A preliminary study of the effects of the number of consecutive days of training and days off on foal recall

Jaymie Loy, Leigh Wills, Sally King, Kirsty Jenkins, Sarah Ellis, Hayley Randle

Research output: Contribution to journalArticlepeer-review


It is critically important that early foal handling and training takes into account foals cognitive abilities and ability to cope with intense work without becoming overly aroused and fearful. Foals may experience days off during planned training programs due to owner/trainers circumstances and not as an intended part of the training schedule. Recent research has suggested that days off within training schedules may be beneficial to training outcomes. This study aimed to determine how the incorporation of days off during initial training influences foal learning outcomes. Twenty Thoroughbred foals underwent a 6-7 session training program. Foals were blocked by age (< or >8 weeks) and randomly allocated to either training condition A (trained for 2 consecutive days followed by a rest day, 2 more training days, rest day, finishing with up to 3 more consecutive training days) or training condition B (trained for 4 consecutive days, 2 rest days, finishing with up to 3 more consecutive training days). Qualified Foal NZ Ltd trainers used negative reinforcement to train foals to ‘Go’ (cranial pressure on the halter until foal steps forward) and ‘Stop’ (caudal pressure until the foal stops) from first, the left and second, the right side. Session length was determined by progress made and did not exceed 25 minutes. Training success was assessed by number of signals required (recall) for the foal to perform the task in the next training day. Biting behaviors exhibited by foals were instantaneously recorded during training sessions. Recall data for all tasks were non-parametric (left ‘Go’ Anderson Darling = 6.32; ‘Stop’ Anderson Darling = 2.89; right ‘Go’ Anderson Darling = 4.24; and ‘Stop’ Anderson Darling =6.10; all P < 0.005). Foals’ recall of any of the tasks did not differ according to whether they were trained with 2 non-sequential days break (training condition A) or 2 consecutive days break (training condition B) for either younger or older foals (all Mann-Whitney U, P > 0.05). Younger foals (<8 weeks) trained using condition B showed significantly more biting (median = 7; range 0-9) in session 4 than those trained using condition A (median = 0; W = 36; P < 0.05); however, this difference disappeared by session 5 (median = 0; W = 46; P > 0.05). On the basis of the findings of this study, it is recommended that young foal initial training programs incorporate a day off within the first 4 days in order to decrease the development and occurrence of adverse behaviors such as biting.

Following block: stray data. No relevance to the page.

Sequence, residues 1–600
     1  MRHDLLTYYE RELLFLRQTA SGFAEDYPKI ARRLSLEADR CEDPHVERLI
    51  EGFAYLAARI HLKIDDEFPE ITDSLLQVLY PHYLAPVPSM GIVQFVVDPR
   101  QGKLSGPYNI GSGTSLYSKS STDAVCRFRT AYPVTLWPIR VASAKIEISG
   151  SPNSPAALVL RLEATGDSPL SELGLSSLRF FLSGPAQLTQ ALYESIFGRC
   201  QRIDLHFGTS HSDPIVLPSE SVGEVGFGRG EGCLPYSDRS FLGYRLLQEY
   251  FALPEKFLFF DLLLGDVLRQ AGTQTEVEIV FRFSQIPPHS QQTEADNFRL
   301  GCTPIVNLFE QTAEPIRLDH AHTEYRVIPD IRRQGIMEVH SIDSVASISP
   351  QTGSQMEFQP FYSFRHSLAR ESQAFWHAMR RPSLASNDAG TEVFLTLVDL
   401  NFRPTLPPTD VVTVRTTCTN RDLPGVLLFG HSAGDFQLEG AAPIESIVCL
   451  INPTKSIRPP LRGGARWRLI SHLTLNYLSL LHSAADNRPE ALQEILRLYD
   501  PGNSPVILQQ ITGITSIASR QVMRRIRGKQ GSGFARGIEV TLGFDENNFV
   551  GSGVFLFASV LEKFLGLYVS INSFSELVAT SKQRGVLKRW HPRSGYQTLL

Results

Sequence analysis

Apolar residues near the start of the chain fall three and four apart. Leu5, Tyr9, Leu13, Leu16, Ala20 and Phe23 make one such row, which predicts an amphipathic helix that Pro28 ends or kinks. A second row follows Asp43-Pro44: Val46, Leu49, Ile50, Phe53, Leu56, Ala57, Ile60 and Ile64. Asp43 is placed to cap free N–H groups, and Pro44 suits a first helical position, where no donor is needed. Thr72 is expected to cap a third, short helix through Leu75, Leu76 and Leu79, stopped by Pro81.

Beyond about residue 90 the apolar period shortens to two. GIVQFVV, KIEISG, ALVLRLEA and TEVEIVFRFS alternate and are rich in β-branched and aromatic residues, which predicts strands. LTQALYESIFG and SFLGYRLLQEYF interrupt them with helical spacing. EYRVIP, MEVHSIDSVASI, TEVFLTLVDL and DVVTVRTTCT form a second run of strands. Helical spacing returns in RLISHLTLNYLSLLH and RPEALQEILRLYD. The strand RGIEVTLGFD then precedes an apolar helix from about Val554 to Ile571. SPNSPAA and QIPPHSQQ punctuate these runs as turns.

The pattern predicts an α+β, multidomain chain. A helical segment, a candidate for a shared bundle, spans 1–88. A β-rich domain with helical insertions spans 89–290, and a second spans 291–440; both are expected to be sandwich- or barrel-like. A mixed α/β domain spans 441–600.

Original languageEnglish
Pages (from-to)62-68
Number of pages7
JournalJournal of Veterinary Behavior
Issue numberNovember-December
Early online date09 Jun 2021
Publication statusPublished - Nov 2021


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